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Problem severity in people using alternative therapies for anxiety difficulties

  • Candida Graham (a1), Abigail Franses (a1), Mark Kenwright (a2) and Isaac Marks (a2)
Abstract
Aims and Method

The use of alternative therapies by people with mental health problems seems to be rising. Are the people who access alternative therapies those with mild or more severe problems? A postal survey was undertaken of enquirers responding to a teletext article on self-help psychotherapies for obsessive–compulsive disorder and agoraphobia. Respondents were asked to rate the severity and duration of their problem and the therapies and services they had used.

Results

Of 326 questionnaires sent out, 113 (35%) completed questionnaires were returned. Seventeen (15%) respondents had sought no help for their anxiety problems, 76 (67%) had been treated by their general practitioner (GP), 62 (55%) by a psychiatrist or psychologist and 48 (42%) had used alternative therapies. People who had sought help from their GP did not rate their problems significantly more severe than those who had not sought treatment. Those who had been treated by a psychiatrist or psychologist and those who had used alternative therapies rated their problem as being significantly more severe than those who had not sought help for it.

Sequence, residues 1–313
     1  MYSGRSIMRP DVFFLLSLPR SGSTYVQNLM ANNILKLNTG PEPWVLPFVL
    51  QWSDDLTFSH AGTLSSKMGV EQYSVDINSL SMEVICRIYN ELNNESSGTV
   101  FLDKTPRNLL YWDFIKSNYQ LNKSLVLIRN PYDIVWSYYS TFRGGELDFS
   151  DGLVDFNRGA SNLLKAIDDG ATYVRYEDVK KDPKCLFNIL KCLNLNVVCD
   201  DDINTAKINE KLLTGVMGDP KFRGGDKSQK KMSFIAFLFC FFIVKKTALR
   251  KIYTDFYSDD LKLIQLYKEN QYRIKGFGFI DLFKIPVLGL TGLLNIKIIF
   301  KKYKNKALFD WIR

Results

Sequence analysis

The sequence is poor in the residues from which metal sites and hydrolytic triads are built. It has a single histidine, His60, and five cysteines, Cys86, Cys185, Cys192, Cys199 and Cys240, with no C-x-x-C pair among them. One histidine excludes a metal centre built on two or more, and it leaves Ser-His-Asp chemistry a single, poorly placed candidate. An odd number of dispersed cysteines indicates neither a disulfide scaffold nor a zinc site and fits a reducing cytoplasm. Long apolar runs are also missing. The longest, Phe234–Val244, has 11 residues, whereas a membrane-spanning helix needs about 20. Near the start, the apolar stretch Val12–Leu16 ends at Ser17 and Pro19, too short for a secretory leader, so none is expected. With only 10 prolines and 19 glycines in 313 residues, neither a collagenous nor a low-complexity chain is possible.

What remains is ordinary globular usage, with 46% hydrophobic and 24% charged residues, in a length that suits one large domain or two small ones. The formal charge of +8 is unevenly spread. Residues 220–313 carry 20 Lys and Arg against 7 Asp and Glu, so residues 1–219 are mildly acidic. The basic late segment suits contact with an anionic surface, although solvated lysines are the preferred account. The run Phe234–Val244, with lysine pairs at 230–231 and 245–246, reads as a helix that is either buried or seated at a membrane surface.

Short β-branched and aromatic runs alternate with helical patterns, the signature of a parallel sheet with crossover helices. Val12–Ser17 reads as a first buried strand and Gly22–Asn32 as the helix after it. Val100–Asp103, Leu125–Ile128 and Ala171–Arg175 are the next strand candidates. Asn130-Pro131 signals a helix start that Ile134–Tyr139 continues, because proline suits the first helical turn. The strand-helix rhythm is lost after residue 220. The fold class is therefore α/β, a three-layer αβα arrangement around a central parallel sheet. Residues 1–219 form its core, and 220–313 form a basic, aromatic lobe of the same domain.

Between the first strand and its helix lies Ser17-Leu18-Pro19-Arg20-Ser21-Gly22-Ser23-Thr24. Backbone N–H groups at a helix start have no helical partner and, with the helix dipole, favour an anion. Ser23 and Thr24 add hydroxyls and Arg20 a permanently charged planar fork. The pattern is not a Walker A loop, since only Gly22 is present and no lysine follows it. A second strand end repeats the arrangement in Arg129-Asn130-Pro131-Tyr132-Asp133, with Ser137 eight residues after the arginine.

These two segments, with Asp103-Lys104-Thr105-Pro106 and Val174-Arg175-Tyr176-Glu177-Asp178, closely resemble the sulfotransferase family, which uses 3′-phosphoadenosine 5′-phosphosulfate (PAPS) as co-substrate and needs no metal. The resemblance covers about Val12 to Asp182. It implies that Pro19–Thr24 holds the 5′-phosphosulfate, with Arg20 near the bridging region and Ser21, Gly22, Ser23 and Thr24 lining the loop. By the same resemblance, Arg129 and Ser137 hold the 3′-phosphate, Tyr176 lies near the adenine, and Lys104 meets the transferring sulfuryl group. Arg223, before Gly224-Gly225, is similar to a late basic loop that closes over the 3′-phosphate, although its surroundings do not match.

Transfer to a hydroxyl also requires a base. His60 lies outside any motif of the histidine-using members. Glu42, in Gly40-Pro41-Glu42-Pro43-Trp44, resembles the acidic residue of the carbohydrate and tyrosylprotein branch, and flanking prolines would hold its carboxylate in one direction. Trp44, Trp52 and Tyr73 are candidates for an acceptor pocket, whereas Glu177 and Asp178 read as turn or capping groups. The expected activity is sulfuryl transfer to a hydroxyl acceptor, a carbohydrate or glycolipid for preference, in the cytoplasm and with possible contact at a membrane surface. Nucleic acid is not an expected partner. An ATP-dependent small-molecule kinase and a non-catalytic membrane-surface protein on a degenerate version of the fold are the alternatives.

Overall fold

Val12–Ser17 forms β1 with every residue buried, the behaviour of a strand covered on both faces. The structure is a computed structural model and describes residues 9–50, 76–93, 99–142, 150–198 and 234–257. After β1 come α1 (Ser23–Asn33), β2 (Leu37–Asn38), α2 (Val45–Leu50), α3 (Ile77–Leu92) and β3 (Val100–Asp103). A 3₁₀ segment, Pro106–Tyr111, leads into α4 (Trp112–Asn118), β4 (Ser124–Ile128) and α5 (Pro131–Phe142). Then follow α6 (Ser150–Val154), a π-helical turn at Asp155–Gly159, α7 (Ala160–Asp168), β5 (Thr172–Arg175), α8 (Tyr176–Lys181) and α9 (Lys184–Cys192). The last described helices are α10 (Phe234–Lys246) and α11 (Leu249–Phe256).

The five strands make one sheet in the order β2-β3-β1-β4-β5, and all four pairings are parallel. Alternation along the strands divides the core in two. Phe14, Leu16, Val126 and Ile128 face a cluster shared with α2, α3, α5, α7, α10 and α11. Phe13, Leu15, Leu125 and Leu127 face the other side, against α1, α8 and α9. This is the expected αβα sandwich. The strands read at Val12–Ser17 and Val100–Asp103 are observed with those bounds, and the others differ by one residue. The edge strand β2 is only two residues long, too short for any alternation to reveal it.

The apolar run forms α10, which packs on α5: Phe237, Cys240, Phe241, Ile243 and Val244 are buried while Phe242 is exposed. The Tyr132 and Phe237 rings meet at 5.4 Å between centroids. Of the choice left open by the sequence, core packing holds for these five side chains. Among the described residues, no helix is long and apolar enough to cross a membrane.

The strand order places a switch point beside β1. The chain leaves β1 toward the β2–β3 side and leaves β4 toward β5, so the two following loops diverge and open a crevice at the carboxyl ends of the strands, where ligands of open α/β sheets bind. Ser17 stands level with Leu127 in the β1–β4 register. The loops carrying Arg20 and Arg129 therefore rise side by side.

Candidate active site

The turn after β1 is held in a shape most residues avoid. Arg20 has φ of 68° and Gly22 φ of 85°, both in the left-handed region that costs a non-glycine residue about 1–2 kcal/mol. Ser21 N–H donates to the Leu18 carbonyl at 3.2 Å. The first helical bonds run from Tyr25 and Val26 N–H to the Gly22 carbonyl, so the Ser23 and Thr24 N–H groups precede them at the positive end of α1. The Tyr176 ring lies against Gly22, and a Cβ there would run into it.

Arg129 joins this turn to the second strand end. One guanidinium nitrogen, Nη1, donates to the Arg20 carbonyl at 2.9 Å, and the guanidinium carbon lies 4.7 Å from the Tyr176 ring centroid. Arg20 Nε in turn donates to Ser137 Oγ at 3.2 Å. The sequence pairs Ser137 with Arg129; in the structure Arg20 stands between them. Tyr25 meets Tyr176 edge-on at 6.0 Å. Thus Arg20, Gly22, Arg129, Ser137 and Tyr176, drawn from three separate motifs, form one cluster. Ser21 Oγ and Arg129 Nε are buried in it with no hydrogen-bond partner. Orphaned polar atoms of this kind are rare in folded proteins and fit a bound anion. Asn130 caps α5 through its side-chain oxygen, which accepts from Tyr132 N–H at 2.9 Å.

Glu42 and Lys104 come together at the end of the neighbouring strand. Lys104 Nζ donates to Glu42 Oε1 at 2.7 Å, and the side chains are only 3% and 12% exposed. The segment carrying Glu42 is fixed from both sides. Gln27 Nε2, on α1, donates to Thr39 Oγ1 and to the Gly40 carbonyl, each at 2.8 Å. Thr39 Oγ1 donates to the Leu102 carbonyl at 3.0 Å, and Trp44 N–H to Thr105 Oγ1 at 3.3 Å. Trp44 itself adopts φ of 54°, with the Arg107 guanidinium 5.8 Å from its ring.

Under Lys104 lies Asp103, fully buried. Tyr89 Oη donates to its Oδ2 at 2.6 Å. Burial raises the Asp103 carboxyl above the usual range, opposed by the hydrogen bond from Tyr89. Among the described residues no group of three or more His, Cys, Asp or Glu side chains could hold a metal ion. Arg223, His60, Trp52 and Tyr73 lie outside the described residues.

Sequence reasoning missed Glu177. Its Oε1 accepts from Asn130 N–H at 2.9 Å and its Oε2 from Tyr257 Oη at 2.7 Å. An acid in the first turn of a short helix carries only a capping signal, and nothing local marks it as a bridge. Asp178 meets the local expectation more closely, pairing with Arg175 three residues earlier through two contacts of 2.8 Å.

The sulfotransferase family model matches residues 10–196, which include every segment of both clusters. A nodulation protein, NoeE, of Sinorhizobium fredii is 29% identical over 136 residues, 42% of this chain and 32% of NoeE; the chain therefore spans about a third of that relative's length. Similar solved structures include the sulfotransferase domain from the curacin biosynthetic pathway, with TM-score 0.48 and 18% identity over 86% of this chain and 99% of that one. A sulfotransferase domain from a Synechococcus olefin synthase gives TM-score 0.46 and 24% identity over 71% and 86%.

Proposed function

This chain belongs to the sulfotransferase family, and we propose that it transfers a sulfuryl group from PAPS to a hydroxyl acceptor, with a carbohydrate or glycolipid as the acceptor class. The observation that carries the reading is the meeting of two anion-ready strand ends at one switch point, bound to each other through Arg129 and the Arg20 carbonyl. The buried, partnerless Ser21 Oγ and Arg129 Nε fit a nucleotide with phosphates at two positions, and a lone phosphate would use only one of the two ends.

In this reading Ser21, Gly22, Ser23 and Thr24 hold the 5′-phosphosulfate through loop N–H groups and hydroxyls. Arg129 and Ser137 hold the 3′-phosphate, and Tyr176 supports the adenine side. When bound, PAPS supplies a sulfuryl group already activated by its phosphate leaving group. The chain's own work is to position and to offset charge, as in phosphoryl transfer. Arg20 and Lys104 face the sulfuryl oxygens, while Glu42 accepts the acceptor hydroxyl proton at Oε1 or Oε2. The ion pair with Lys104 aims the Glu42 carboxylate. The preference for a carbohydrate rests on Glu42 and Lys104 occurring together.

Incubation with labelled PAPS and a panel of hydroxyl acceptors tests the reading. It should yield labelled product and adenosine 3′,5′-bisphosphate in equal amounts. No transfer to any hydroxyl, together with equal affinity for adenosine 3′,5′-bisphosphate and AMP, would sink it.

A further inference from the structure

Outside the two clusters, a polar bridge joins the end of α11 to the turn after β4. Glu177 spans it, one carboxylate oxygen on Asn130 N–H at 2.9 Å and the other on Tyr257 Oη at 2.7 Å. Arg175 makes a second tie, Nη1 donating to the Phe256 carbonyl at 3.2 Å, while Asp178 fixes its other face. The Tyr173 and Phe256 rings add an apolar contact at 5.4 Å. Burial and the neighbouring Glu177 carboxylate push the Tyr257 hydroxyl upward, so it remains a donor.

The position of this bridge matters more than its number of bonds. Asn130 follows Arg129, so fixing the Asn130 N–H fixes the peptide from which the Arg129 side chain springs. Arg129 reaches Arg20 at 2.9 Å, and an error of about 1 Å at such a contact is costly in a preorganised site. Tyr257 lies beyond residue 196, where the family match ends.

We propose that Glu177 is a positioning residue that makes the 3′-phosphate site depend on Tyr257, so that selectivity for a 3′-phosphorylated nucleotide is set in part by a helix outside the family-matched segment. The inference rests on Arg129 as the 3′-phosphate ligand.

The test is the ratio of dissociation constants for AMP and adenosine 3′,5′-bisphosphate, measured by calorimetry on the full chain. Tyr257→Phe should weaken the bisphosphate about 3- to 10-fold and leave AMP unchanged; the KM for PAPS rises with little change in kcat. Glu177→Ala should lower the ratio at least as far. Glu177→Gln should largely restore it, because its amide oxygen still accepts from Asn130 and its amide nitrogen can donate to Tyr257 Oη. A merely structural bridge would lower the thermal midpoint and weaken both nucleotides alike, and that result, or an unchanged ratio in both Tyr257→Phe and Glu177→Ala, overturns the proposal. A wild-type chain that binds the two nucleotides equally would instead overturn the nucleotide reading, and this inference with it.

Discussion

Clinical Implications

In this selected sample it was the more severe anxiety sufferers who had used alternative therapies.

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Copyright
This is an Open Access article, distributed under the terms of the Creative Commons Attribution (CC-BY) license (http://creativecommons.org/licenses/by/4.0/), which permits unrestricted re-use, distribution, and reproduction in any medium, provided the original work is properly cited.
References
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BJPsych Bulletin
  • ISSN: 0955-6036
  • EISSN: 1472-1473
  • URL: /core/journals/bjpsych-bulletin
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Problem severity in people using alternative therapies for anxiety difficulties

  • Candida Graham (a1), Abigail Franses (a1), Mark Kenwright (a2) and Isaac Marks (a2)
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